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December 27, 2011

Donald Clark points out there has been more pedagogic change in 10 years than in the last 1000 years and makes a good argument for the power and accessibility of the new technologies. The use of technology provides some impressive tools for teachers. However, adapting new technology or applications requires serious adjustments and does not usually involve a one to one exchange from a non technology application to a technology application.

I follow several bloggers and tweeters who introduce new applications that they find online. I explore the ones that look useful; however, I end up using few of these applications in my classroom or teaching.

For one thing, adopting many of these technologies requires serious rethinking of what goes on in the classroom and in preparation. When I shifted to using PowerPoint from using overhead projector slides, I had to learn how to use the technology and how to teach with it. At first, I thought I merely had to copy the slides into PowerPoint. Then I thought I had to show off the many cool things PowerPoint could do to keep my students interested. It wasn’t until I really began reading and thinking about how to use PowerPoint not for presentation but for learning that I changed to a more pedagogical approach.

My learning process has followed similar paths for some of the other applications I use including using word processed papers and now Google Documents, and the many ways I use video in the classroom. The biggest struggle for me has been to figure out how to use new applications instructionally to benefit and enhance student learning.

I follow a pattern in adopting new applications.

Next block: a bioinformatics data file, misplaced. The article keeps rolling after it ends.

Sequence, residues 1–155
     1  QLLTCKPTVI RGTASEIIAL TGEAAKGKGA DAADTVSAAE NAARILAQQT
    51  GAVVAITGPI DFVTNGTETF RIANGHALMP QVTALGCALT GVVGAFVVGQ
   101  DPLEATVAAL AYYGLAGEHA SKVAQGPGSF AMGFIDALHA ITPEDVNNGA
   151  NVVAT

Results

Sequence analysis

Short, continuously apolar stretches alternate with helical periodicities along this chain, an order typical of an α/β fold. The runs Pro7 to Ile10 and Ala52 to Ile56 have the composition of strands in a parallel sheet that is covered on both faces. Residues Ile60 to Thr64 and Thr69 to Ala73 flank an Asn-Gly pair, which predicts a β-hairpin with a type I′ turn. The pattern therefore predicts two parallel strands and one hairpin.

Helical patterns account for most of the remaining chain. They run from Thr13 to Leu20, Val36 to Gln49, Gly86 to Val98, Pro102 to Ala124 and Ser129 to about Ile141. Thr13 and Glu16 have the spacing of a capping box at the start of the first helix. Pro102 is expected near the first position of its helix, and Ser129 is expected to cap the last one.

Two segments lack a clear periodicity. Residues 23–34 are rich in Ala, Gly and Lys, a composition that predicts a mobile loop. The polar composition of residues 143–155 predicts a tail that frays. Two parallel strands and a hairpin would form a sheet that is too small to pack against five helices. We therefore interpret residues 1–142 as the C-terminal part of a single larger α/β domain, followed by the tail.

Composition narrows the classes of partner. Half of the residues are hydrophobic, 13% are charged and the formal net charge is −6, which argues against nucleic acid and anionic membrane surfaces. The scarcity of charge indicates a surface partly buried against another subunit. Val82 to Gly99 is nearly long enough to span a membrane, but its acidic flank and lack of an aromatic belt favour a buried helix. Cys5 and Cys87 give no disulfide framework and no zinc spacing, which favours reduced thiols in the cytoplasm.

First, I use the application with a simple activity or assignment finding out not only how students use it but what problems occur that I had not anticipated.

Second, I build an activity into a class that involves more student use of the application until I begin to get comfortable with it. By building in the application, I mean that I identify what the application can help my students learn.

Next, I find the limitations of the application by trying out a few other activities with it.

These are the steps I used in introducing and using bubbl.us and Quizlet in my classes.

With bubbl.us, I found it useful for students analyzing main ideas and supporting details in reading and in identifying organizational patterns. With Quizlet I use for students to learn vocabulary roots and some tone words. My hope is that the students will continue to use these applications for other needs that they have.

While I like using technology in my classes, I tend to approach new applications with caution. Each new technology will involve changes in approaching a topic or skill, will involve additional student learning, and needs to have a identifiable payoff in terms of learning so that students feel they learn something and find the application useful.

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